Cost Per Reportable Agreement

Purchasing ConsiderationsThe decision to lend or purchase a new device for the laboratory depends on two main factors: the available household dollars and the technological relevance of the equipment. Purchasing a leasing system is usually the best financial decision because it provides hospitals with more bargaining leverage and can result in cost reductions for the duration of the agreement. But there are exceptions to this rule, especially for some technologies, where progress is so rapid that newer systems will be available in a few years. This is often the case for basic laboratory objects, such as. B of an immunochemical analyzer, which are usually replaced every three to five years. In these situations, hospitals should decide which option is more advantageous and financially more viable to implement them. Technologies in other areas of the laboratory, which remain largely unchanged, such as tissue transformers, can be used for 20 years before being replaced. Purchasing OptionsIn most clinical laboratory environments, vendors offer three options for purchasing laboratory equipment: one direct purchase and two leasing scenarios, reagent rental and a cost-per-report agreement. All three options include the requirement to purchase reagents and consumables necessary for the operation of the devices. Kane proposes to include the language in the agreement, to renegotiate the costs per test as soon as the volume commitment is reached, so that equipment and service costs (which have already been realized) can be eliminated and that only reagents and consumables can be increased from that date. In leasing, Kane says, the lab should know the cost of leasing equipment and whether they want to own the equipment by the end of the leasing period.

The financial department should work all purchasing options regardless of lease or purchase, he adds, because they best understand how to organize the equipment and its cost of money. “You don`t want to be in a position where you have to negotiate a device and find out that the organization still has half the cost of capital on the books, which requires amortization.” The rental of reagents can have a simple to complex price structure. It is important to ask the right questions to dissect all the costs included in this number and excluded. The advantages of a reagent rental are that a monthly payment can be easier to budget, there are no significant capital investments in advance, which means you don`t have to go through the capital committee, the lab quickly gets what you need, and it`s easy to upgrade the newer model of the equipment and return the old one as soon as the reagent lease expires. The disadvantages relate more to the hidden costs or costs of this price structure. It is generally not clear what is included in the pricing. There are penalties for reducing the use of reagents. A facility would require accurate estimates of quantities, or else the costs would continue to add up. The price paid per test covers the costs of the instrument, service, reagents and consumables for the duration of the agreement, but there is no ownership at the end of the agreement. This option offers, like leasing, the use of investment vehicles, reagents and consumables without capital charges. It also eliminates the need to close an annual service after the warranty expires, as the service is covered in the RPC. In a reagent rental contract, the instrument is “free” with the purchase of reagents.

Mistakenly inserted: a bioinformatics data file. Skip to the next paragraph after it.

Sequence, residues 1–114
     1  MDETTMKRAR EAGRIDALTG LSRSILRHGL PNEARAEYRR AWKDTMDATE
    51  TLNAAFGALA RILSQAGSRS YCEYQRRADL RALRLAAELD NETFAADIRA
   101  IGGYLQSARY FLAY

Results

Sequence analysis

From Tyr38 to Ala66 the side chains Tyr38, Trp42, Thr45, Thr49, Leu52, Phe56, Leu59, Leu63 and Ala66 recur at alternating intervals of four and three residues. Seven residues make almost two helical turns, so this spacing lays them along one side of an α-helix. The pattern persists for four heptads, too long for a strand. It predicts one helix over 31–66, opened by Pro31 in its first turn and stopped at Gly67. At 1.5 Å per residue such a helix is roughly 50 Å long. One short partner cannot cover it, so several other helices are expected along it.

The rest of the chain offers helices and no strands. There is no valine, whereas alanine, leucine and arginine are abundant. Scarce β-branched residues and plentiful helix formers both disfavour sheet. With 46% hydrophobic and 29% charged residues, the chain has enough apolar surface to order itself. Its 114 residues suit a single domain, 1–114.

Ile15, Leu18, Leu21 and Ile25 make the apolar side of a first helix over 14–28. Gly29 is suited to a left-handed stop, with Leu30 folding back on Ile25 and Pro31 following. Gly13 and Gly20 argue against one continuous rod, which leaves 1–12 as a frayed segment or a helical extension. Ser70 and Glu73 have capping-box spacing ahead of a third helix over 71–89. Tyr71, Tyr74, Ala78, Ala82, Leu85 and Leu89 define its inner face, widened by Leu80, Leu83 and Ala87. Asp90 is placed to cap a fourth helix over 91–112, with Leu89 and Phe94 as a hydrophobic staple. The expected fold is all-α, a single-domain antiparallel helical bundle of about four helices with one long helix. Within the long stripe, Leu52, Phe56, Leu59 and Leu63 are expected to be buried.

The “free” instrument is an illusion, as this scenario usually has a load attached to each reactive product to offset the price of equipment and service. Reagent rentals can be calculated based on cost per test, monthly payment, fair market value leasing, $1 buyback lease or single rent.